About the only other thing I discovered in my search for Jinx’s existing character is that he’s hooked on high-caffeine soda, although I don’t know what kind.
Jinx might be a computer/technology wizard, but I’m sure not. Heck, I’m just learning my way around my new Windows 8 computer and Office 2007 after years and years with XP and 2003. What goes on underneath the hood is totally beyond me. Just because I think the NCIS computer technology is cool doesn’t mean it’s realistic. But that’s a totally different topic, one I’ve hit a few times already, I think.
Big question? Do I research everything before I start writing? That’s not my normal style. I prefer to write, then fill in the research blanks.
And it was the writing that was important. I might not have realized how much I missed it, but when I sat down and cranked out a few paragraphs and felt that “this is where you belong” calm settle over me, I knew I’d keep going and let the rest of the story unfold. After all, I have all those questions to answer. And that’s probably the best lesson from NaNo—get something on the page. After all, as Nora Roberts said, “You can’t fix a blank page.”
Here’s a peek at the very rough draft opening paragraphs. Some iteration of this may or may not appear in the next book. But I’m writing.
No matter what his Klingon-spouting nephew said, today was not a good day to die.
Fists clenched, stomach in knots, Jinx stared at the satellite feed on the plasma screen. No sound, but his brain had no trouble filling in the terror-filled screams and shouts of innocent villagers. No wiping the screen or frantic keyboard strokes could filter the flames, smoke and flying debris. The urge to throw his can of [heavily caff soda] at the screen was tempered only by the knowledge that the boss would have his ass in a sling—after all, it had taken Jinx six months of lobbying to get Horace Blackthorne to fork over the funds to upgrade the system.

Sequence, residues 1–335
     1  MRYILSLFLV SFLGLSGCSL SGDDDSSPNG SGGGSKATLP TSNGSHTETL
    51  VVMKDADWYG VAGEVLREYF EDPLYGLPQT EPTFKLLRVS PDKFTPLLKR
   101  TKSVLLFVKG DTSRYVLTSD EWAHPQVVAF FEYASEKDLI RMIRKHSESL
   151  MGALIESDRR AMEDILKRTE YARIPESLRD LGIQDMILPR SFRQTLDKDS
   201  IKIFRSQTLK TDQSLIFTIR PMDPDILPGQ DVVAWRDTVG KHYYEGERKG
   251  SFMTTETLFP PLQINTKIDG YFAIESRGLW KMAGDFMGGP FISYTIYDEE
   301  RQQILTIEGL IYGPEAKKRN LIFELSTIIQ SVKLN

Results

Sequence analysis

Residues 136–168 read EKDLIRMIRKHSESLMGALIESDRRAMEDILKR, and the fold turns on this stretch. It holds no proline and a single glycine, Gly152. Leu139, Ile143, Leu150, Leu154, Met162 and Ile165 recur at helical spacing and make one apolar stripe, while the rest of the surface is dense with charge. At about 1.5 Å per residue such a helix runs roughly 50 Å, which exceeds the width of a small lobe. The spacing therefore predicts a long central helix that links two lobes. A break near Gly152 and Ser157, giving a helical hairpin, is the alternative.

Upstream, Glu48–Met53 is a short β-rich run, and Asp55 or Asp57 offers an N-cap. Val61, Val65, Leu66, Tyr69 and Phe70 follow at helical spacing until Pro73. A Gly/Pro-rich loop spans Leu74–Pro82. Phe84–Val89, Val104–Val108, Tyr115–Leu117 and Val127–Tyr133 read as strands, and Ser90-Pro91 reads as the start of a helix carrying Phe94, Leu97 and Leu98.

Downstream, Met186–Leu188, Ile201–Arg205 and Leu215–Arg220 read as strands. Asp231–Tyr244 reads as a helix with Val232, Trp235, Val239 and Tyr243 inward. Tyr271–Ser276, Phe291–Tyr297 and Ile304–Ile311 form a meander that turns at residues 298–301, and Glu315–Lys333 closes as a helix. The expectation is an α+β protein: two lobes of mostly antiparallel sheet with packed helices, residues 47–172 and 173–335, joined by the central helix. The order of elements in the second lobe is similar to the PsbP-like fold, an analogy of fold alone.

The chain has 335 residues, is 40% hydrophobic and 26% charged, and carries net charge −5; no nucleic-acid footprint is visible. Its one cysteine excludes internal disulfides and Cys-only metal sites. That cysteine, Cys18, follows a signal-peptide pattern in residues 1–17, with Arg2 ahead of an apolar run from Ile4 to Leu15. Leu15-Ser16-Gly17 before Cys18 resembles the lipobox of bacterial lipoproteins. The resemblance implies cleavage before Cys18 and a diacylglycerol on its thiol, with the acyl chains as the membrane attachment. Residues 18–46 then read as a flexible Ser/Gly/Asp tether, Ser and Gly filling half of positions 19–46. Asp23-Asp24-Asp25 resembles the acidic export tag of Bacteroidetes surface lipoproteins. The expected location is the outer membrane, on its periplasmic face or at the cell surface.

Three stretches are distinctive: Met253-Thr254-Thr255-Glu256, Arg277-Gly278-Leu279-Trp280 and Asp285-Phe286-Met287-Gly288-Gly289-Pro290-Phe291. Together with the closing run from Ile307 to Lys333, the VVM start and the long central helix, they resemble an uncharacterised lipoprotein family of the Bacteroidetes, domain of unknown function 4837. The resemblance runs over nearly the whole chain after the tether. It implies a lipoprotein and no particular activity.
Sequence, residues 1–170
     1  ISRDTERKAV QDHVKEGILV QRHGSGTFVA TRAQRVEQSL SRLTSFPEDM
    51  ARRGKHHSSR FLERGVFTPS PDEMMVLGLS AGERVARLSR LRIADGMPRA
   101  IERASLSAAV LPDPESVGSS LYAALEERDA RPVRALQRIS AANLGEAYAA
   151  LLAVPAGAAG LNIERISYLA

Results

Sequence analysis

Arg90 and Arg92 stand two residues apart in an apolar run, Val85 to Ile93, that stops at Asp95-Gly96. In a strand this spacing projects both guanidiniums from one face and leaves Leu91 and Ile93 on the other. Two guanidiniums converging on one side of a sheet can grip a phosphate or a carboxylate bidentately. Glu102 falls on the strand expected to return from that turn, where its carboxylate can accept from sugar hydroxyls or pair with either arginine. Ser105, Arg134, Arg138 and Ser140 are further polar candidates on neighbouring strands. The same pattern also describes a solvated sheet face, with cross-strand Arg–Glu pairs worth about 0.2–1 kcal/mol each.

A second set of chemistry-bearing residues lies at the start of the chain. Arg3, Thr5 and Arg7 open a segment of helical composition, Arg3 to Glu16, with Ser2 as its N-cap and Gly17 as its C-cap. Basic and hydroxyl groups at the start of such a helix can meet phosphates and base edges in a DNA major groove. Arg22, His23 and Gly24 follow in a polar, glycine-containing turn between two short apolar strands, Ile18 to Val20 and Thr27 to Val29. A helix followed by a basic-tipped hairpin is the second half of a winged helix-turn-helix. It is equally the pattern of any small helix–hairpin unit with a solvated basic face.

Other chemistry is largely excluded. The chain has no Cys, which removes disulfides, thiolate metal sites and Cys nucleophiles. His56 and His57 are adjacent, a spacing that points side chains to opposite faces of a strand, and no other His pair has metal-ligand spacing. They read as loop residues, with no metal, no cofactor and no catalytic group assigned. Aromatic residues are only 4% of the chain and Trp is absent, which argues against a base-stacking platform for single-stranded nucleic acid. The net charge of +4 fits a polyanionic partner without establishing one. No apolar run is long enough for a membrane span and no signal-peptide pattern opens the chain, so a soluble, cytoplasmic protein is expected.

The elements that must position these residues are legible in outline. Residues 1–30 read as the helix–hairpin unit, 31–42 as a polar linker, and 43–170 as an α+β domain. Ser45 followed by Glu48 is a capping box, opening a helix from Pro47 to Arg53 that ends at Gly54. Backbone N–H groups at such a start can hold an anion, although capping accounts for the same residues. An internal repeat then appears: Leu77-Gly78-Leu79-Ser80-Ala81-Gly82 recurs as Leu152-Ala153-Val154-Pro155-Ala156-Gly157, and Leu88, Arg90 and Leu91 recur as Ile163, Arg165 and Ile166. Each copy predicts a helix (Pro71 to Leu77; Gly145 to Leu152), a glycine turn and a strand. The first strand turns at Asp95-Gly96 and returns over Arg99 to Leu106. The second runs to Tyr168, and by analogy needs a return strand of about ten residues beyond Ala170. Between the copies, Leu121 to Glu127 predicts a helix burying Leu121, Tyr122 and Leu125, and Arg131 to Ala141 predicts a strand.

“Better eyes on the ops will help us stay on top of things,” Jinx had argued. He hadn’t thought about what it would be like to have to watch when things went south.
Not to mention it would be a waste of a perfectly good soda.
He stared at the screen, straining to make out the Blackthorne, Inc. team. The team he’d told it would be a cakewalk. In, grab, and go. Lift a brew for him, and see you back at the compound.
Another silent explosion bombarded his vision. Reflexively waving away the distant smoke, he stepped closer, squinting. Praying for a glimpse of someone in ops gear. Preferably upright and moving. There. Another step closer. Definitely not a local. But it wasn’t as if the teams went in wearing garb emblazoned with a Blackthorne logo.
Damn it to hell, this was his fault, his screw up.
Causes Terry Odell Supports
Pro Literacy Worldwide, The Nature Conservancy, The Adult Literacy League, The Leukemia & Lymphoma Society